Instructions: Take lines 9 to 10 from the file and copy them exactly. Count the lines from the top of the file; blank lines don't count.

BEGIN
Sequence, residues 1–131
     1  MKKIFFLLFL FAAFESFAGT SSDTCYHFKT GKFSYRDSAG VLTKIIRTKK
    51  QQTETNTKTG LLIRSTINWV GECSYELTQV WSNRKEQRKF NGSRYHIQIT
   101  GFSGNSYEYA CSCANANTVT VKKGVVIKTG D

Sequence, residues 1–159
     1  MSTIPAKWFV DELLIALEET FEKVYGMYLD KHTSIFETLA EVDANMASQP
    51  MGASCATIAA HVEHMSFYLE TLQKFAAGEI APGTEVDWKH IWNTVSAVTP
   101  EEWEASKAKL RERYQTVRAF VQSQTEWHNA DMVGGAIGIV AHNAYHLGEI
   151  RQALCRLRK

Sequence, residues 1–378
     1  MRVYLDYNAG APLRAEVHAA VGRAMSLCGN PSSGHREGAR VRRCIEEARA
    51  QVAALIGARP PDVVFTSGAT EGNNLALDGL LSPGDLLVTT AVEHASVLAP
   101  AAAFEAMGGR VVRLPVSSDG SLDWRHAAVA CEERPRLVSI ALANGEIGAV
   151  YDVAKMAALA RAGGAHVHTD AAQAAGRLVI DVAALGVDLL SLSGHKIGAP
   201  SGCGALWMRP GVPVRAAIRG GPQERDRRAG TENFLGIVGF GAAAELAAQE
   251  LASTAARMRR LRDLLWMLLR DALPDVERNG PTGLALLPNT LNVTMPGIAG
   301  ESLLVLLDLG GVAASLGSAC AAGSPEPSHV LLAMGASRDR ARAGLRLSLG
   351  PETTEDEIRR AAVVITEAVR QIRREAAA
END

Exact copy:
   151  RQALCRLRK

Sequence, residues 1–378